Here are some factors and good points to look for and question your attorney about. Note that not every attorney will meet all of these criteria, but the significant absence of the following should be a big question mark.
• Experience – obviously, the longer you have been practicing a particular area of the law, the more you will know. Experience is a big factor in most cases.
• Experience actually trying or mediating cases — ask the attorney how many cases he has actually tried or mediated. When was the last time he was in court for any matter? Has he or she achieved any significant verdicts or settlements? Does he have a list of verdicts and settlements available that you can look at? Don’t accept the “All my cases are confidential” line! Has he ever appeared before the Court of Appeals or the Tennessee Supreme Court? The greater your number of cases actually tried or mediated and substantial verdicts and settlements achieved, the more likely the insurance companies will respect you. If he has appeared before the Court of Appeals or Supreme Court that is an indication that he will “really” fight for you. Past results are not a guarantee of the future but past results do demonstrate some level of experience and success.
• Respect in the legal community—does the attorney teach other lawyers in Continuing Legal Education courses?
• Continuing Legal Education—The Tennessee Supreme Court requires every lawyer in Tennessee to take a minimum of 15 hours of CLE each year. Ask how many hours the lawyer took last year. What subject matters were covered? Even the most experienced lawyers need CLE to keep current. I have found that the best and highly respected lawyers nationwide attend more CLE than they are required just to learn, get better, and network with other lawyers specializing in the same areas of the law.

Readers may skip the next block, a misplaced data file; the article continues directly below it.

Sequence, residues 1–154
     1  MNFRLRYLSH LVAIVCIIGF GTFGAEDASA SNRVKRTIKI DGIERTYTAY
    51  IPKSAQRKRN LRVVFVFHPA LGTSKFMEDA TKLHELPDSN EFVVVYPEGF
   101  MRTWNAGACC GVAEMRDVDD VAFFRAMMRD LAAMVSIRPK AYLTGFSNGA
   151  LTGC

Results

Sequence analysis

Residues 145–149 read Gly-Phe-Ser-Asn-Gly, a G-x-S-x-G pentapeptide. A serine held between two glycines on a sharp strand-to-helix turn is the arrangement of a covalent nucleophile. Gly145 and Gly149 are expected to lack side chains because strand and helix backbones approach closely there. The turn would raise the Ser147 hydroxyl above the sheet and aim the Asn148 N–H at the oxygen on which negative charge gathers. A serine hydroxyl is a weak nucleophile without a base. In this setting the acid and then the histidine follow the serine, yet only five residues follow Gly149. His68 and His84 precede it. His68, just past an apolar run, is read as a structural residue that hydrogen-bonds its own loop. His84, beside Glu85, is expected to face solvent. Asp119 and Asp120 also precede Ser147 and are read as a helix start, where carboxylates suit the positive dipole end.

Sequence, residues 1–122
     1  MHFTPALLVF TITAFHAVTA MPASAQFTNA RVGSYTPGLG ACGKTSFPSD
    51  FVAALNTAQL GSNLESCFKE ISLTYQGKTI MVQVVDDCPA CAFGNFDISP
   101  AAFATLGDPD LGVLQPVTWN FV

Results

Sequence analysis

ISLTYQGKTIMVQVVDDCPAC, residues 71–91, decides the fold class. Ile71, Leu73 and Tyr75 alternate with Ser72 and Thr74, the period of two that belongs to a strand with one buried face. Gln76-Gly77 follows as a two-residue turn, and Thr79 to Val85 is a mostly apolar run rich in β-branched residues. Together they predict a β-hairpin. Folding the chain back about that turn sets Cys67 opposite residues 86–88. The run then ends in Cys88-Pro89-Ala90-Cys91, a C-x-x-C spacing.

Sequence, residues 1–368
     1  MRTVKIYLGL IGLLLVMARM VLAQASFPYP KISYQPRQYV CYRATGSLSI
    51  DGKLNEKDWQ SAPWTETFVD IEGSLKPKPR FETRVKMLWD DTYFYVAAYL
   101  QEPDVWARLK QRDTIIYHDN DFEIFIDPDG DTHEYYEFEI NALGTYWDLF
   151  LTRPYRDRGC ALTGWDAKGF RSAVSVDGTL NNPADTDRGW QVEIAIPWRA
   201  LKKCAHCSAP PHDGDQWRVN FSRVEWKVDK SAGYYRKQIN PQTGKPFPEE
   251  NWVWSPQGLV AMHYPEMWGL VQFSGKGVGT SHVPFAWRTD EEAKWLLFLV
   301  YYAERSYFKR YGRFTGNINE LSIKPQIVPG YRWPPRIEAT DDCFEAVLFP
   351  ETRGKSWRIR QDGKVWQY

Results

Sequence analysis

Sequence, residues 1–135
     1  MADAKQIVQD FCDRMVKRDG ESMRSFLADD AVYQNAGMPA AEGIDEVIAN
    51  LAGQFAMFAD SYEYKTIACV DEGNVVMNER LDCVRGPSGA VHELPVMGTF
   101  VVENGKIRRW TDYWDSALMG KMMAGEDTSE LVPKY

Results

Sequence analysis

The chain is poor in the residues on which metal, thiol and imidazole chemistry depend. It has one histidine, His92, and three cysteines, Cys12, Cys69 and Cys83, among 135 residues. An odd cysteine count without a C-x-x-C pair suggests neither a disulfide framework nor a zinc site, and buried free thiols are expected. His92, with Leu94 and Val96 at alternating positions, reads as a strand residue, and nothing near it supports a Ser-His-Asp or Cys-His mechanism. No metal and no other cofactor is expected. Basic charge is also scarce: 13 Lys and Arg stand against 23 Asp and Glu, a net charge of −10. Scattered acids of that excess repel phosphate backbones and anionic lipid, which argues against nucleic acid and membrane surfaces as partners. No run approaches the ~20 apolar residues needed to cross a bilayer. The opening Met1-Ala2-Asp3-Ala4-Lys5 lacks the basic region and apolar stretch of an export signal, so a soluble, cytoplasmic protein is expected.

• Membership in Trial Lawyer Associations. In our area, you can certainly find a lawyer who is a member of the Tennessee Association for Justice(TAJ), or American Association for Justice (AAJ). These organizations provide extensive education and networking for trial lawyers representing injured individuals.
• Publications—has your attorney written anything that has been accepted for publication in legal journals? This is another sign of respect that the legal community has for his or her skills and experience.
Ask the attorney if he or she is licensed in the state where your case will be filed. We believe that an attorney who is not licensed in the state where the case will be filed is at a disadvantage when it comes to negotiating with the insurance company. The insurance companies know who is not licensed and thus cannot actually try the case. We also recently ran across a horror story involving an out—of—state attorney who evaluated a Tennessee tractor trailer case. This attorney kept the file for over one year and gave it back to the client after the the statute of limitations expired in Tennessee. The problem was that the attorney told the client that he had one more year to file his case, but this was based on the statute of limitations in his own state. The client was then unable to file his case in Tennessee.
Lastly, will the attorney you are meeting with personally handle your case?